Be ready to offer a meal, a place to stay or sit quietly during the day. Often a change of environment can help not only the person who is unwell, but also the other carers. Many with AIDS have no real homes or families. Many have been effectively orphaned by their condition, or by previous circumstances. Many are living on their own, or with friends, in situations where dying at home may be difficult, or impossible. As we open up a network of homes and relationships, we are offering new choices to people who may feel they have none.

5. ´Draw others in

In our desire to preserve confidentiality, to care and to protect, it is easy for intense relationships to develop, and to reach a situation where `lock up' occurs. It is easy as a carer to convince yourself that no one understands the person better than you, and that you alone have an `inside track' on the situation. You want to be involved in all decisions; to be present at every discussion. It is easy to have mixed feelings about others becoming involved. Yet that very intensity can become more than the relationship can bear when illness develops.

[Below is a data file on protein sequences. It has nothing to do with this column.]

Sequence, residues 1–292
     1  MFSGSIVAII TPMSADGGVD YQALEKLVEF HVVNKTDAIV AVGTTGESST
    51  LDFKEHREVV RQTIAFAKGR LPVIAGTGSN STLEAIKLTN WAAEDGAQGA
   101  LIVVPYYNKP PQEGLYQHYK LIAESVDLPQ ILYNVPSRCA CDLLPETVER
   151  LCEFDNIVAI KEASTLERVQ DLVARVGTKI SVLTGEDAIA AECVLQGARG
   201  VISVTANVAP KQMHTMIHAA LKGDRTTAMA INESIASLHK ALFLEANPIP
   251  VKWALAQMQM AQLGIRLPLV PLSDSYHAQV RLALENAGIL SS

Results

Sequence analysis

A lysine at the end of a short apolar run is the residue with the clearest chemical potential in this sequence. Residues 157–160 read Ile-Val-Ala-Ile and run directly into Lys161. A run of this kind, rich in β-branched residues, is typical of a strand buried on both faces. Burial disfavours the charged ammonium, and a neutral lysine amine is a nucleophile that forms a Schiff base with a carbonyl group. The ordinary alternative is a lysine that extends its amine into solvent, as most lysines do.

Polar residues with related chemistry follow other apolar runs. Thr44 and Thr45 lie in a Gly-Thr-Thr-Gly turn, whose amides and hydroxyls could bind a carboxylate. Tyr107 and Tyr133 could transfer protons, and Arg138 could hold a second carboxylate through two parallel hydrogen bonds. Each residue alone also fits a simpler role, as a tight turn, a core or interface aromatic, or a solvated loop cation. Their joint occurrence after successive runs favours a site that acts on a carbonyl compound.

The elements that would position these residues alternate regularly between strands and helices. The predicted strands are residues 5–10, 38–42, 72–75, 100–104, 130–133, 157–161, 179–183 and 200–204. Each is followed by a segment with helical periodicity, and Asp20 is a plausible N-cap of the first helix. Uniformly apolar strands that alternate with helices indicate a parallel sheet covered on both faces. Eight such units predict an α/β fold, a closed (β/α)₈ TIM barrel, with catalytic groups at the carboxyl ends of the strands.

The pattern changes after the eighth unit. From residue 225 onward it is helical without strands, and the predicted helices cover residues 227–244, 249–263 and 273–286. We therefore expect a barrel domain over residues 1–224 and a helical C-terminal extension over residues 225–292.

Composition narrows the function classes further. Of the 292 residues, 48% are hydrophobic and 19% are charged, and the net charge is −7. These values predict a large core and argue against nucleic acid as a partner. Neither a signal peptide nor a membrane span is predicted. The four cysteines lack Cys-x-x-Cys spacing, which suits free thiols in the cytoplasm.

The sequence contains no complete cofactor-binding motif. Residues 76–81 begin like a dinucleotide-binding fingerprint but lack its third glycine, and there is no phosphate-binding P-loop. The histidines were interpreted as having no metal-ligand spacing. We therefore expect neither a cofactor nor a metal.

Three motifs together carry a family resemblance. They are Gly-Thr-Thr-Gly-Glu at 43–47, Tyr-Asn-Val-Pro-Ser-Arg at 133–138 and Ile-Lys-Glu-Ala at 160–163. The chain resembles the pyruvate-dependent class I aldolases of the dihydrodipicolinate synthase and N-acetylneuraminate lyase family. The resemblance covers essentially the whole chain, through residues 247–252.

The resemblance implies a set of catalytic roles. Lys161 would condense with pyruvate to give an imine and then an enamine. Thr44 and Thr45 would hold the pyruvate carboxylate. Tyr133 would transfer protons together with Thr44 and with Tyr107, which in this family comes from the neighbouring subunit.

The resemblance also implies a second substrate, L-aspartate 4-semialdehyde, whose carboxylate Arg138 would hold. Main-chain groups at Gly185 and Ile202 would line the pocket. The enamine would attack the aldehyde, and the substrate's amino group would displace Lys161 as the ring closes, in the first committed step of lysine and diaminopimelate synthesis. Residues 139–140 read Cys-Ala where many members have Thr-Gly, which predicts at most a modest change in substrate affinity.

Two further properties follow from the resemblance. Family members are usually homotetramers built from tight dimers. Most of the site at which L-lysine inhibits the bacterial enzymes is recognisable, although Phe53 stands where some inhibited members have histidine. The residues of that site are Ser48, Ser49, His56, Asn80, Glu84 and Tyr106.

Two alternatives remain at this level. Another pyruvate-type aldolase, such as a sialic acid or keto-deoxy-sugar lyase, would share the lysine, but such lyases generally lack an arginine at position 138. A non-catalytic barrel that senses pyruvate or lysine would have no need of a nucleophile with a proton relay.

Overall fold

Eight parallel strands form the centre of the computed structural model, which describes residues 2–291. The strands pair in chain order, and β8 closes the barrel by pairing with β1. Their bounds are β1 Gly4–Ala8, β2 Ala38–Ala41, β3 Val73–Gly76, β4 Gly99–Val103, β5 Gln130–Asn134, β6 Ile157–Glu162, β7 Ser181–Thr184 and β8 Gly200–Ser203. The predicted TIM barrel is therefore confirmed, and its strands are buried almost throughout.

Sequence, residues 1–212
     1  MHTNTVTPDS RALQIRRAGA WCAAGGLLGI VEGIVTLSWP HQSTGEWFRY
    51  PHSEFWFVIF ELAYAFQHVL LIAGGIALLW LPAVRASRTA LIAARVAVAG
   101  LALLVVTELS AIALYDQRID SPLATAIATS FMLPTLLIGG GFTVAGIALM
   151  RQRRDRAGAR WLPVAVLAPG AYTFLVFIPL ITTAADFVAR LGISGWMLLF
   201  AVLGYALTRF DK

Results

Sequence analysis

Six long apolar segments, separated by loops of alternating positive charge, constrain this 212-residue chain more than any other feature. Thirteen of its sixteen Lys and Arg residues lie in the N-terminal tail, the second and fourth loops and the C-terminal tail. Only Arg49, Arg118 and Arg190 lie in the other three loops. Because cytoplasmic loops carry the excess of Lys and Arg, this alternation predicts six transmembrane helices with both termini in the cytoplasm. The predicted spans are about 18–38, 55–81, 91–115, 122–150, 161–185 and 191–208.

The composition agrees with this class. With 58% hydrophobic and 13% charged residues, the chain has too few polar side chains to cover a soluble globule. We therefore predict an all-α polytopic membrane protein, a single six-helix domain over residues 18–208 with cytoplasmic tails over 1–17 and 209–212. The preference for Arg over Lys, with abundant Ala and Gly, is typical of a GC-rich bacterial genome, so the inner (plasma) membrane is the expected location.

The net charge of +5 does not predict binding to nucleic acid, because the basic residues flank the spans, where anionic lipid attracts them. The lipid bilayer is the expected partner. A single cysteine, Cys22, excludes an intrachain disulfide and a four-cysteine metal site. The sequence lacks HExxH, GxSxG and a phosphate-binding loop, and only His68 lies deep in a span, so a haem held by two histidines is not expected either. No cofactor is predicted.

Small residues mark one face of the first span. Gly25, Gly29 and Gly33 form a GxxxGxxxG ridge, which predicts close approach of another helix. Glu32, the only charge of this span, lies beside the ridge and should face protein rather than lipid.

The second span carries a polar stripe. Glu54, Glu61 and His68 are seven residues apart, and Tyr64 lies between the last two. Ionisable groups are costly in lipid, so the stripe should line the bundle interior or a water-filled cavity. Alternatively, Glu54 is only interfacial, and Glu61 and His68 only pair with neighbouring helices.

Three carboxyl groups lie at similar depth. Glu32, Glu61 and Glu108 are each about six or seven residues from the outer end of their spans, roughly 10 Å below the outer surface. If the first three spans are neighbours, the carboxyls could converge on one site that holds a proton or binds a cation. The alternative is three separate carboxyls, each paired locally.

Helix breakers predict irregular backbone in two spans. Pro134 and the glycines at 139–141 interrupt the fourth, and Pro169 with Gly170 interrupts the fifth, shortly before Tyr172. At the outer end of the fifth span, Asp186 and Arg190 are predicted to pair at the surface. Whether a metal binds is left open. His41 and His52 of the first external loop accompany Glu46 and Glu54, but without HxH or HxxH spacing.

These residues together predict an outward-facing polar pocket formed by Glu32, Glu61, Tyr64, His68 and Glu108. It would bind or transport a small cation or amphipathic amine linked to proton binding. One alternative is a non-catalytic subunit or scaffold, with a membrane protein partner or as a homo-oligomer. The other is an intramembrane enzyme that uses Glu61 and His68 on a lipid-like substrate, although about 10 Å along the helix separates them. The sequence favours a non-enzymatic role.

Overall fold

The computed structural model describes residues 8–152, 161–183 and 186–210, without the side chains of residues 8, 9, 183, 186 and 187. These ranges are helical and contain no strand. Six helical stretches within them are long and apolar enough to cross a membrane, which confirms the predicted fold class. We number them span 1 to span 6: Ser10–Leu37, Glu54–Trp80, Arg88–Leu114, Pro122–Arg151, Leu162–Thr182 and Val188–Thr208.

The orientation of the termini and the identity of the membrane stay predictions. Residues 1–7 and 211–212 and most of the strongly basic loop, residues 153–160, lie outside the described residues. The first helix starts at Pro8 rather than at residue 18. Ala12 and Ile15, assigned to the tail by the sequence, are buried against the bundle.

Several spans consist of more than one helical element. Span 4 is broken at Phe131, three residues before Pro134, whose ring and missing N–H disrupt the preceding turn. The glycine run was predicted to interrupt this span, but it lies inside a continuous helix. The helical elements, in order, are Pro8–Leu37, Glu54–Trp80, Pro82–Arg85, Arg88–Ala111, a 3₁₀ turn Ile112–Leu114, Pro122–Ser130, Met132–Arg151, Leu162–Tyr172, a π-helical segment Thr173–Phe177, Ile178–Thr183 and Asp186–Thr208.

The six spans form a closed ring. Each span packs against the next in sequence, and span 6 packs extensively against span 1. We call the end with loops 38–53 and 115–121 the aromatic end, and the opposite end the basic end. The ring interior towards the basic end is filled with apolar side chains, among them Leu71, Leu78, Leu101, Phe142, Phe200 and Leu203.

As the situation unfolds, it is wise to draw others in. As a church leader myself, I feel it is vitally important that at least one member of the church leadership is closely involved, providing pastoral support to the person and to the carers, spotting signs of pressure or difficulty and helping to find ways through.

At every stage you will need the backing of the person concerned to involve others in this. If this is constantly blocked at every turn, you may have some hard talking to do. I have seen many situations break down at home, with people landing up in hospital simply because no one was willing to think seriously about the future.

6. ´Seek expert help

At some stage or other you are going to need expert help. It is all very well providing emotional support as a friend, but when events unfold you may need extra professional advice and support either from a clinic or from a community service. It may be that there is no local service available in which case even telephone advice can be helpful.